Director Ari Aster’s goal with Hereditary wasn’t to make a horror film – it’s a family drama, first and foremost, portraying one family’s tragedies, one after another, via known horror tropes. The results are even more frightening than the conventional horror effort. Annie Graham (a phenomenal Toni Collette) is the essence of the film, allowing the viewer to see Annie as an artist, a wife, a woman, and most of all, a mother to Peter (Alex Wolff) and Charlie (Milly Shapiro). Motherhood is the key subject of Hereditary.
But the bond between a mother and a son quickly ends with a gruesome car accident, in which Charlie is decapitated. The loss of Charlie utterly destroys Peter and depresses Annie and her husband (Gabriel Byrne). The tension between a mother and a son escalates to the point of hatred. In one scene, a sleepwalking Annie sees ants crawling all over her son. The boy wakes up, startled by her standing at the foot of his bed. I never wanted to be your mother, Anne confesses, then covers her mouth. But she cannot take the dark truth back. The woman absolutely despises her son.
Instead of grieving with her family, Annie tries to come to terms with the loss alone. The character goes as far as reaching out to the occult to bring Charlie back. His mother’s obsession makes Peter feel abandoned. The apogee of her frustration arrives in a highly emotional monologue during a family dinner, in which she throws light on her feelings about her son: Well, now your sister is dead. And I know you miss her, and I know it was an accident, and I know you’re in pain. (…) I wish I could shield you from the knowledge that you did what you did, but your sister is dead! (…) And what a waste. If it could have maybe brought us together or something. If you could have just said, “I’m sorry,” or faced up to what happened. (…) But you can’t take responsibility for anything! So now I can’t accept, and I can’t forgive, because nobody admits anything they’ve done!
The acting and staging of this pivotal scene are striking: Collette’s facial expressions, Alex Wollf’s terrified posture, Gabriel Byrne’s neutral position – all paint the picture of a family destroyed by despair, grief, and hatred. In fact, the family dynamic is anxious from the beginning. The typical horror connoisseur will see Charlie as a cursed child, the next Reagan MacNeil – and that’s where Ari Aster tricks us. After the death of Charlie, nobody knows what to expect, least of all the viewer. The atmosphere in Graham home darkens. Annie starts to hate Peter, and in reciprocity. His father, on the other hand, attempts to keep more of a healthy, civil bond with his son. The man seems to be the sanest family member. That, sadly, doesn’t save him from his destiny.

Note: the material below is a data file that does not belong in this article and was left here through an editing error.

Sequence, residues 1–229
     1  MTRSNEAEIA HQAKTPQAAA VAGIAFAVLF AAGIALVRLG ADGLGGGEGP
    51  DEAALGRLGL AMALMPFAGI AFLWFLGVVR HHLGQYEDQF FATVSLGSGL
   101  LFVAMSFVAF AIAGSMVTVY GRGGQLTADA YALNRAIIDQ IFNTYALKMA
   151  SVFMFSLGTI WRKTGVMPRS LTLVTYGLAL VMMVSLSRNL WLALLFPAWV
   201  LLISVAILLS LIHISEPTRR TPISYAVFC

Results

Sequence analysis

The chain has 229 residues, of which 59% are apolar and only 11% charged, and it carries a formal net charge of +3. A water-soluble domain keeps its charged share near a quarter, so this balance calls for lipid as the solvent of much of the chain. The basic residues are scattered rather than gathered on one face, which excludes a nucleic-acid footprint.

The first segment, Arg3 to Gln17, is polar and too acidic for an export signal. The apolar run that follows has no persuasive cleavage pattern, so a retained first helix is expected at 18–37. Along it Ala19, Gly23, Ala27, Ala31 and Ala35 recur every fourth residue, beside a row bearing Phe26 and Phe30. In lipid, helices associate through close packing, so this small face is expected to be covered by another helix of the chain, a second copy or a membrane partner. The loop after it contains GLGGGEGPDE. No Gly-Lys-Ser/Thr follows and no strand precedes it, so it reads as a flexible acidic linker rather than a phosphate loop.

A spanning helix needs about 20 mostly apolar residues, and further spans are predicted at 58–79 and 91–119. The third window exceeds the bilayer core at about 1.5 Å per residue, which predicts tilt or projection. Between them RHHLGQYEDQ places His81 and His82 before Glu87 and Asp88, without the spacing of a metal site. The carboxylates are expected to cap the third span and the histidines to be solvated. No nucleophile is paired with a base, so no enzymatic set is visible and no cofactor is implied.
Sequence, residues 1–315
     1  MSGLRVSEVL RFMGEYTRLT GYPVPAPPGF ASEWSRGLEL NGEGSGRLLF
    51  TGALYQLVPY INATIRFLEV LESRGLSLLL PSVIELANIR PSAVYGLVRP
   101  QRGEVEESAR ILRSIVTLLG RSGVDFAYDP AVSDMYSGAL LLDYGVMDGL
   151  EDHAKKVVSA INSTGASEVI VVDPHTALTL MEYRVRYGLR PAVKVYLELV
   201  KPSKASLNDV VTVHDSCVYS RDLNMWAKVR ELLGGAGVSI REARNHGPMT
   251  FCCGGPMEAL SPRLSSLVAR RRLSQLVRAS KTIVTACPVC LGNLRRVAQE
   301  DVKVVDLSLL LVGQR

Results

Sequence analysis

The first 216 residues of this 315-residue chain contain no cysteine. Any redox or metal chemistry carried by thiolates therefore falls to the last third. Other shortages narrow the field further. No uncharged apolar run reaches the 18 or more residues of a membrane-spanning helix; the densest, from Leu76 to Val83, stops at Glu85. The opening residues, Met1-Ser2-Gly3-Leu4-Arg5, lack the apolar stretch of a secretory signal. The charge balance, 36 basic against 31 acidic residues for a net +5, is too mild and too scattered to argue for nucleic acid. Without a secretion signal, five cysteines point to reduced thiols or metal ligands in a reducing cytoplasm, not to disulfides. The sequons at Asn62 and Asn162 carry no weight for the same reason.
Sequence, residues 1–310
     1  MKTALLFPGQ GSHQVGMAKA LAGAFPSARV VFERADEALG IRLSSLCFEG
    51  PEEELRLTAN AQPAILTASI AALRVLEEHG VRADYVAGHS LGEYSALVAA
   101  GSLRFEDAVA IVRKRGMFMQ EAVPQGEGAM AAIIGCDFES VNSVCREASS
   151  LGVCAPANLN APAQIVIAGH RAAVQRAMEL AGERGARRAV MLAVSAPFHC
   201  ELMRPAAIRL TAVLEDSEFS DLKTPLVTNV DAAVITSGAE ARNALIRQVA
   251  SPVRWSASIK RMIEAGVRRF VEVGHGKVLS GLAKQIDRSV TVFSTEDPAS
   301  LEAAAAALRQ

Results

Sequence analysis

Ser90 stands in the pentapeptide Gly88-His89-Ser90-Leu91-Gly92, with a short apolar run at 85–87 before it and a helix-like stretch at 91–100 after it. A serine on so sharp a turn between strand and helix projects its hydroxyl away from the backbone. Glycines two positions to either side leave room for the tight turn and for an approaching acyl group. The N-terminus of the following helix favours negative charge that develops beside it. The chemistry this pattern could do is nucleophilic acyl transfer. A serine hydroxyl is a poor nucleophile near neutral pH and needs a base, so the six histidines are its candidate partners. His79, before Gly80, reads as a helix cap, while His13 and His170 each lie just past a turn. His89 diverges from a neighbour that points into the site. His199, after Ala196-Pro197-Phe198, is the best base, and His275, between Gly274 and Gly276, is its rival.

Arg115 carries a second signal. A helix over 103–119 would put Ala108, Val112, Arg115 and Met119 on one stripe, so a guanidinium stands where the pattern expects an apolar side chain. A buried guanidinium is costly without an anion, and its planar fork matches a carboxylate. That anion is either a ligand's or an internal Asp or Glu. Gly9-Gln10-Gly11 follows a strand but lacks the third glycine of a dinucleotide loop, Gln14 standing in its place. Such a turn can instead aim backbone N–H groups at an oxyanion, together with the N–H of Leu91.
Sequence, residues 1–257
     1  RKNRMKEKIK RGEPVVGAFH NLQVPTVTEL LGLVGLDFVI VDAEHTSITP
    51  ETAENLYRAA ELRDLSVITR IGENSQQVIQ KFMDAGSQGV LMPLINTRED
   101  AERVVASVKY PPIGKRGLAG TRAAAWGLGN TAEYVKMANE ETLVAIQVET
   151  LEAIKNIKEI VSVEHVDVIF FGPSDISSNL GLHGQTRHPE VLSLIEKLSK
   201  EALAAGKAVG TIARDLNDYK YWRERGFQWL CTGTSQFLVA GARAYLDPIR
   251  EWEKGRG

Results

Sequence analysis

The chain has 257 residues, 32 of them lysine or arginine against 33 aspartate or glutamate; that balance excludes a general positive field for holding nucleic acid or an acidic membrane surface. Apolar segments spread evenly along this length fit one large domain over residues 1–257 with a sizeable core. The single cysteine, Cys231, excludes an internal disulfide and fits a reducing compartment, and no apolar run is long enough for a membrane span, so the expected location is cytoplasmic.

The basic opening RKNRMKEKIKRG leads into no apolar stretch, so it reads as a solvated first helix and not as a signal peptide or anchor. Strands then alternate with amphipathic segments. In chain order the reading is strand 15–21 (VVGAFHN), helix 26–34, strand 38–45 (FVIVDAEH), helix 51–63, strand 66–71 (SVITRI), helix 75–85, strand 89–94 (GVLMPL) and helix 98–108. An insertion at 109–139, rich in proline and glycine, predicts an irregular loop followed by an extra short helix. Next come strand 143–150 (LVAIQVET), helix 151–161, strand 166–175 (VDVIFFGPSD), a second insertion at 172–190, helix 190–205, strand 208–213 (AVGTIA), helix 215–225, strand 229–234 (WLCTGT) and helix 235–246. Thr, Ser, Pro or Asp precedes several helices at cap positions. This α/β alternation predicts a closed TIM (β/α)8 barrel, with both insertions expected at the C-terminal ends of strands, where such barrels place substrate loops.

Annie is not only a mother – she was also a daughter. Her mother Ellen (Kathleen Chalfant), who passes away at the beginning of Hereditary, clearly wasn’t the greatest. She’s painted as a very secretive and private woman, with “private rituals, private friends, private anxieties.” Why was she such an isolated person? It could be a simple hatred towards her child, similar to Annie’s feelings towards Peter. Through that isolation and its impact on her daughter, Aster illustrates the ugliness of motherhood, the dark side that no one dares to talk about. But both Ellen and Annie present that hatred to their children and families. A woman who’s a good mother would never admit something so dark – and that’s where Aster steps in, displaying this taboo matter that is very present, but not discussed.
Aster designed characters who are all unique, with individual approaches to trauma. He wanted the audience to relate to his characters, and get to know them, before the unexpected happens. The director doesn’t rely on jump scares. Instead, he creates an atmosphere of true horror via Annie’s failings as a mother. Any horror film can possess supernatural terror and elements of witchcraft. But every one of us has a mother; some of us are one. And thus, Aster’s film stands out as a real-life horror. And that’s Hereditary’s fright.
“Hereditary” is currently streaming on Amazon Prime.